It’s 10 a.m. on a Saturday. The sun is blazing, but there’s a fall nip in the air. He and two volunteers walk from house to house, door to door. His two daughters, Summer and Jordan, both wearing zip-front hoodies, innocently skip ahead the rest of the group. Campaign pamphlets occasionally slip from their tiny hands, leaving a trail for their father to pick up.
Peter Boulware, keeps a watchful eye on the two even while campaigning. Currently the republican nominee candidate for the Florida House of Representatives, District 9 (Leon and Jefferson counties), Boulware regularly “walks” the neighborhoods, knocking on the doors and talking with the residents. (Loranne Ausley, a Democrat, has held the office since 2000, but isn’t running this year. Michelle Rehwinkel-Vasilinda, the current Democratic nominee, will be Boulware’s opponent.)
This practice is very common for many politicians — Democrat or Republican. Only, Boulware’s skin tone doesn’t match those who are traditionally affiliated with his political party.
He’s black. But, that doesn’t seem to be an issue. In fact, the Florida House of Representatives already has a black republican in office. Jennifer Carroll represents district 13 (Jacksonville).
Leaving another home and walking to the next, a middle-aged man wearing a white cowboy hat trailing a small child in a red wagon yells, “You’re doing what you need to do. I hope you get in.”
Boulware smiles gratefully at the onlooker and thanks him.
“You know, I never had plans to run for office,” says Boulware, 33. “To be honest with you, this seat presented itself to me, and I said, ‘Let me think about it. Let me pray about it. Let me talk to my wife about it.’ And after we did, we said this is the best way to give back and serve.”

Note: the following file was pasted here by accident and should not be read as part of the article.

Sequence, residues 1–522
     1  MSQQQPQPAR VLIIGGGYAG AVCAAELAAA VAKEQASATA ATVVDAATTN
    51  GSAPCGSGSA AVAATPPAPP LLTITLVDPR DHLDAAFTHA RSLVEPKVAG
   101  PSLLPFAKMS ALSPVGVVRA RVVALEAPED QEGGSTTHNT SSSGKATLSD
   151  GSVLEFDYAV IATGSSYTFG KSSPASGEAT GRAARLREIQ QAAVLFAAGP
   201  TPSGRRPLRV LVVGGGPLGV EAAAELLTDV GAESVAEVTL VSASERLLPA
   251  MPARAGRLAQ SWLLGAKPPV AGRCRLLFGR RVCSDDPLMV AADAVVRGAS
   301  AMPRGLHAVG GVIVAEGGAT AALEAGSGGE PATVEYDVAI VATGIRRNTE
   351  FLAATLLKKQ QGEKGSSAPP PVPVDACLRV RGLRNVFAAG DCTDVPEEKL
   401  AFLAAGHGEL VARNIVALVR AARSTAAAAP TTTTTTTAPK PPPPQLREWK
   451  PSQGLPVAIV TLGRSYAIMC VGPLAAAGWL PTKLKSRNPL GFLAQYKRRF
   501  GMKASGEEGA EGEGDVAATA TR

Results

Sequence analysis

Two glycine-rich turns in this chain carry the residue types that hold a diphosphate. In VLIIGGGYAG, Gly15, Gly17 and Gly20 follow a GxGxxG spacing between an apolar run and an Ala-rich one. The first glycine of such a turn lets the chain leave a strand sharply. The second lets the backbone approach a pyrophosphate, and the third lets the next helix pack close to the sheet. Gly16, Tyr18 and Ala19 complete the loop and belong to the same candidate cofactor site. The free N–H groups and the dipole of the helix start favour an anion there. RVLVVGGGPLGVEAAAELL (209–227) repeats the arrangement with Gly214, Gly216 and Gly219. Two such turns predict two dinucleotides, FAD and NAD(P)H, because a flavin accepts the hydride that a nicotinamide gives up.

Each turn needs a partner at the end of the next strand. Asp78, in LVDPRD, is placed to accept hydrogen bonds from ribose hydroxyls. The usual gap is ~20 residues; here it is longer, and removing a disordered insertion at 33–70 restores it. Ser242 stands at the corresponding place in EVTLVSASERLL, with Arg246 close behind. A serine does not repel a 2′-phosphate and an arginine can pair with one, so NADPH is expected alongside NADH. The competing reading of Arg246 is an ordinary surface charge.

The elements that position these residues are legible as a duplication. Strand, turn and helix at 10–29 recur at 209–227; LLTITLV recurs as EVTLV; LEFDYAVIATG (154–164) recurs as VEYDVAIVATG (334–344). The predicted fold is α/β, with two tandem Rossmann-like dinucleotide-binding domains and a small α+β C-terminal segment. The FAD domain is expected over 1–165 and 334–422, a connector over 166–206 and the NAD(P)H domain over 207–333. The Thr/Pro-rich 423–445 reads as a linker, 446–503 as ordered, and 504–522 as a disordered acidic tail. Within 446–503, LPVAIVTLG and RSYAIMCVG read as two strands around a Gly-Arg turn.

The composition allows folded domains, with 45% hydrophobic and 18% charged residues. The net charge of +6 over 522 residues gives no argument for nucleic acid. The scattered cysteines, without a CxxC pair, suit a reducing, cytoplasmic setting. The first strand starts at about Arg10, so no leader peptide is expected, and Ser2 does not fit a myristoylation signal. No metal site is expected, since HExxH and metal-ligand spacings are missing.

Most know his resume. Boulware is a former NFL player for the Baltimore Ravens. He was also an All-American and National Defensive Player of the Year, while at Florida State University, where he graduated with a bachelor’s degree in Management Information Systems in 1997.
But, many might not know why he’s running for office. More importantly, we don’t know why he is a Republican.
“Well, I looked at both parties,” says Boulware. “I started listing some of the things that I valued, some of the things I believed in, some of the things I wanted to do and what I wanted to be a part of … I found out that my values and what I believed in really leaned more toward to being a republican than it does being a democrat.”
The Columbia, S.C., native said that when he was growing up, he thought that if an individual was black, they had to be a democrat.
“I never really thought about saying, ‘let me really see what a democrat is,'” he said. “And once I did that, I said, ‘gosh, just because the color of my skin, I thought I’d be a democrat, but my values and what I believe lean me more toward being in the Republican Party.'”
But, Boulware does acknowledge that the Republican Party has overlooked the black community. That’s something he plans on changing if elected.
“I think that the Republican Party needs to do a better job of getting its message out there,” Boulware said. “Getting what it believes [and] what it stands for out to the African American community… how we can help you,” he said.
Still, “at the end of the day,” which Boulware says quite frequently, he doesn’t consider himself a partisan type of guy. It isn’t about being neither a republican nor a democrat. To him, it’s about doing the right thing. It’s about values.
” I am a fair person, I am honest, I care for the needs that you have,” he said. “I will get the support from the African American community, even though a lot of them are registered democrats. Because people want real people, not just party affiliations.”
One of his core values is hard work. Something he says his parents instilled in him and his three siblings.
“You’ve got to work hard, it’s not up to anybody else,” he said. “It’s not up to the person down the street. It is up to you. It is a personal responsibility. Taking responsibility for your actions.”
Campaigning proudly along with Boulware on that sunny Saturday morning, Katie Patchatt, 26, an administrative assistant in Tallahassee, said, “I’m supporting Peter because I believe he’s a good man. I believe that he really wants what’s best for the area, not just name recognition and power.”
Finishing the first portion of the “walk,” a man in his early 30’s wearing an FSU t-shirt, cheers, “You’re the man. You got my vote!”
Boulware nods his heads thankfully.